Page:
The trail to the mouth of Running Rain Creek has seen some damage, but good re-routes have already formed. Watch for flagging. The flagged route also neatly avoids that horrible, steep grovel up to the north bank of Running Rain Creek. Instead, a couple of easy switchbacks take you through a mossy bit of forest onto the gentle, upper part of the trail.
    The rest of the route to the creek crossing at 1.8km is unchanged. A blue-flagged route now takes you across a neat 2-log bridge across Running Rain Creek.
    About 600m past the bridge, you’ll come to a large mud/debris flow that buried a muddy part of the original trail. Follow the flagging up-slope and across the debris flow to re-join the original trail. A good, dry tread is already starting to get worn in. It’s a nice dry route!
    The rest of the hike to the lake is the same as before.
    The log-dam at the end of the lake has been washed away, so the lake level has dropped perhaps 30cm. The isthmus between the two halves of the lake is now a land-bridge, which is easy to walk across.

  • Derek Ryder Aug 6, 2014, 4:19 pm


    The Friends spent 2 days helping Parks crews develop a new bypass trail on the Upper Lakes Circuit at Hidden lake that bypasses the section that floods every year.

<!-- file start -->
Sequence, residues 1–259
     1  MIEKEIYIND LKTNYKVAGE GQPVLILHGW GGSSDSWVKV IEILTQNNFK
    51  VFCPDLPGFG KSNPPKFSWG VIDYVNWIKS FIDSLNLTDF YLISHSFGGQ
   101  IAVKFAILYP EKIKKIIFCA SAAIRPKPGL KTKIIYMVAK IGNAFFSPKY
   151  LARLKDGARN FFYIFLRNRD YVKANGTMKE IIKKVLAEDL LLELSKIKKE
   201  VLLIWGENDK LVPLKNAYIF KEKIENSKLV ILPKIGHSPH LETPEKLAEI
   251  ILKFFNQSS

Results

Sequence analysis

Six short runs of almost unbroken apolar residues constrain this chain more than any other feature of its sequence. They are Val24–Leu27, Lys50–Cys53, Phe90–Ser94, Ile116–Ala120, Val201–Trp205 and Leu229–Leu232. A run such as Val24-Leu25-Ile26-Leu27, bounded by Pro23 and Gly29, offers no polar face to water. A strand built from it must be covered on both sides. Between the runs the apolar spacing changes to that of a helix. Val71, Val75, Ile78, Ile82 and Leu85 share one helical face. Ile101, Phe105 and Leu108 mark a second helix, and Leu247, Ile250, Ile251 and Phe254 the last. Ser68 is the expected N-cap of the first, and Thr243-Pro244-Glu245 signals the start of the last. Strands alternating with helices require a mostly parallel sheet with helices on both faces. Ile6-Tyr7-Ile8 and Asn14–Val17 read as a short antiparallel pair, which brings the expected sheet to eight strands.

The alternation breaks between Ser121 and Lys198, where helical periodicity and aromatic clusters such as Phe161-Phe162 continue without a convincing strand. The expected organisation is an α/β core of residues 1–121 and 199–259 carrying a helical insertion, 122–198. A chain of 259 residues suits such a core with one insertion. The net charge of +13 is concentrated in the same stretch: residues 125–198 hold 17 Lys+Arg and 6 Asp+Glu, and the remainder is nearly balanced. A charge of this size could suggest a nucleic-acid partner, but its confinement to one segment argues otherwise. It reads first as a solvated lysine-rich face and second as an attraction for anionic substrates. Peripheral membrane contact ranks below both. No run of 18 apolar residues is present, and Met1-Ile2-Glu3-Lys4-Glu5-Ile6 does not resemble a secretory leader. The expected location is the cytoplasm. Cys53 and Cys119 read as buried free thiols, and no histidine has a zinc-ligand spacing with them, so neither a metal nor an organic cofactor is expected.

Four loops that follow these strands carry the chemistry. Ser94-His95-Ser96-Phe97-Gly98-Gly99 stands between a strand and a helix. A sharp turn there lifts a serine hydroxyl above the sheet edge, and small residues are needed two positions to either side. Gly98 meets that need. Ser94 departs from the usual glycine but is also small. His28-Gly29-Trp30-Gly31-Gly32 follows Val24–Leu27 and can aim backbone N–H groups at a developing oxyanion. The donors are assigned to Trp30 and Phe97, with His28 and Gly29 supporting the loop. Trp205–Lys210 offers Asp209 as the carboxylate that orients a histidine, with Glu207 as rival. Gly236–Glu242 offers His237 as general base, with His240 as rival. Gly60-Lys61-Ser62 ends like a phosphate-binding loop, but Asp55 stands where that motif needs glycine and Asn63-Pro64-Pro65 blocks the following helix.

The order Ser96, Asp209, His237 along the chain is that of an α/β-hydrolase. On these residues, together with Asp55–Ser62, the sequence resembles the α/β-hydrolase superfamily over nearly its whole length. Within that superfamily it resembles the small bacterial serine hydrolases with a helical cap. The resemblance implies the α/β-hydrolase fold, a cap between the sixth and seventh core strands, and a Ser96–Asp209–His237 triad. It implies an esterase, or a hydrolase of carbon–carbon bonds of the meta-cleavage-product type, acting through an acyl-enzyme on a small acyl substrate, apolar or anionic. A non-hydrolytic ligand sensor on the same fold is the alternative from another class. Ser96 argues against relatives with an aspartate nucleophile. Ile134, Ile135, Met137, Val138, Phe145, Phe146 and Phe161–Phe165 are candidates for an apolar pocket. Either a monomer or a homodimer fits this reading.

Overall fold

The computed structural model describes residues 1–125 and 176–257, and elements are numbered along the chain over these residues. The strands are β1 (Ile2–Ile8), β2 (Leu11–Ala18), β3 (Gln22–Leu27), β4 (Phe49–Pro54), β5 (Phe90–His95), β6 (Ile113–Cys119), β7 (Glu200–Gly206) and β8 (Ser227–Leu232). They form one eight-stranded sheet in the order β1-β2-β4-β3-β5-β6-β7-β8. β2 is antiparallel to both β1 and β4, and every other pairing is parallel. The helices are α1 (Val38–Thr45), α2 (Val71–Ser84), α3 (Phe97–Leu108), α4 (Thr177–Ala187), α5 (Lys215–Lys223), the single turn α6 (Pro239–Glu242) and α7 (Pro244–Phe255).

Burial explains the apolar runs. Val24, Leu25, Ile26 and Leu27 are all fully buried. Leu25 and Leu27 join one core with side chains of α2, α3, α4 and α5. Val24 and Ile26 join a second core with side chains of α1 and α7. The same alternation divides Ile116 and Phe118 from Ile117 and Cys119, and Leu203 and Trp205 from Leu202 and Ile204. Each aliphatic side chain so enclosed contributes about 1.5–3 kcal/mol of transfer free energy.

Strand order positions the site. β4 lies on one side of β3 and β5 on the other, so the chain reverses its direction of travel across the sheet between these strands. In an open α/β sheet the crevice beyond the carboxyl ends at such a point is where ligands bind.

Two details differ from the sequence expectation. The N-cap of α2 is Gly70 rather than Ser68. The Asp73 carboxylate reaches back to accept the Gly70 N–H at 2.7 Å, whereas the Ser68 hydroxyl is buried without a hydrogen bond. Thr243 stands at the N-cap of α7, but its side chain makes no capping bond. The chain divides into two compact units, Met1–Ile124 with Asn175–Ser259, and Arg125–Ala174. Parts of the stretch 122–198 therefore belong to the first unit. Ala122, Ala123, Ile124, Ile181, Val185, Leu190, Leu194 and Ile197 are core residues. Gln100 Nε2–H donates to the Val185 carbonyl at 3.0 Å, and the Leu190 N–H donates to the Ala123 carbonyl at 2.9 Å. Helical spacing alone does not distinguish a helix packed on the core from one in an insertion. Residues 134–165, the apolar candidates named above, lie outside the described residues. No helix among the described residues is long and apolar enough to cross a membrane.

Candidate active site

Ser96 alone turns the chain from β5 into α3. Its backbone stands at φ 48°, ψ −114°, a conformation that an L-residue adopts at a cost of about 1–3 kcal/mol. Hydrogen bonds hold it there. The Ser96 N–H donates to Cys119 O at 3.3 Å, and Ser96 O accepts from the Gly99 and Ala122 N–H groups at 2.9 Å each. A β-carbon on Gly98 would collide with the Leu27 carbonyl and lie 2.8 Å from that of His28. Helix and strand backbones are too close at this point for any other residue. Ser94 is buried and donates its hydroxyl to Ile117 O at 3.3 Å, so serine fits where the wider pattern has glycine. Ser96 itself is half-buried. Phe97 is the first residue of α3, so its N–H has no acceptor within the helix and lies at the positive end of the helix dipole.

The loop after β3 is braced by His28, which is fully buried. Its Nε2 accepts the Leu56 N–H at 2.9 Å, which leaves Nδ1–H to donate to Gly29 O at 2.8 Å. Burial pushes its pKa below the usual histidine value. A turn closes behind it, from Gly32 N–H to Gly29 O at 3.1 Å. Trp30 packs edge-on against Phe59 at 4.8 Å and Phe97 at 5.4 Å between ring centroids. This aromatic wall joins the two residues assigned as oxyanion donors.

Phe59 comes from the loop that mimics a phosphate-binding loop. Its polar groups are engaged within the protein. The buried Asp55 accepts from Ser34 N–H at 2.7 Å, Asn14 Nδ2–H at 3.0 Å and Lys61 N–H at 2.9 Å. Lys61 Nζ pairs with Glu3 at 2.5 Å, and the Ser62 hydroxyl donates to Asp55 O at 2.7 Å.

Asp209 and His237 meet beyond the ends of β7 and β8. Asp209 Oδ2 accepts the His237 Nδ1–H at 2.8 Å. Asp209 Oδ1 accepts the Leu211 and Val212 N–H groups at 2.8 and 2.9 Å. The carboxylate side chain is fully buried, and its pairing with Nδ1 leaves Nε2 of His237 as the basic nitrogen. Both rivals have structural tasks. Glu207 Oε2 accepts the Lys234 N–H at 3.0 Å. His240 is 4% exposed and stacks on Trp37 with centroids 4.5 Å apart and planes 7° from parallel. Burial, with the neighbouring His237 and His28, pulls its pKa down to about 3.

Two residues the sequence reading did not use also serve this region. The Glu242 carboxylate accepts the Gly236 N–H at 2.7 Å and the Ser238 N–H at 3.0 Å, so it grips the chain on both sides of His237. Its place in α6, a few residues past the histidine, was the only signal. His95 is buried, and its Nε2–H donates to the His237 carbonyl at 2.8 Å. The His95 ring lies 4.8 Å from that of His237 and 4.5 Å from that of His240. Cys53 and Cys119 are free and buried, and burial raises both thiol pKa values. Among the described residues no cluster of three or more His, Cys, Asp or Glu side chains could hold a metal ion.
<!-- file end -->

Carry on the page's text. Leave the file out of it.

The Lower Kananaskis Bridge has been re-leveled and had its supports (that were damaged by floods) restored by Parks crews.

    The Sarrail Creek bridge has been removed awaiting installation of a new bridge. Folks have put down a couple of logs to get across the creek to access Rawson Lake, though “officially” you’re supposed to ford.

    The entire Upper Lake Circuit is now open, though the Rawson Creek Bridge is missing, and is a little harder to cross than Sarrail without getting your feet wet. I spoke with some folks that walked out from the Point campground on Aug 4 via the south side of the lake, and who reported the trail is fine. However, there are several short sections where floods washed the trail out, though none are hard to overcome. There are also a few wetter sections, but nothing of issue.

  • Tony Daffern Aug 6, 2014, 4:04 pm

    Kananaskis Public Safety has reported that the trail around Hidden Lake has recently been brushed out and deadfall removed.

  • Gillean Daffern Aug 4, 2014, 10:30 am

    On the plus side, there is now a brand new sign “Mt. Burke trail” pointing to the parking area before Cataract Creek campground. Yeah!

  • Gary Aug 4, 2014, 9:16 am

    Just back from hiking up Piper Creek from the Elbow Lake trail. Arrived at the trailhead there yesterday morning at 9 am, to find 25 cars had their passenger windows broken out over nite & all the cars contents, including things like glove boxes, consoles, trunks ransacked & stuff like registration info (with their addresses) missing. Person doing the despicable deed knew what they were doing because they broke out the passenger window so when driving in the parking lot everything looked fine. Many disillusioned folks hiking out from camping at Tombstone & Elbow Lake. RCMP & Parks were called & were investigating.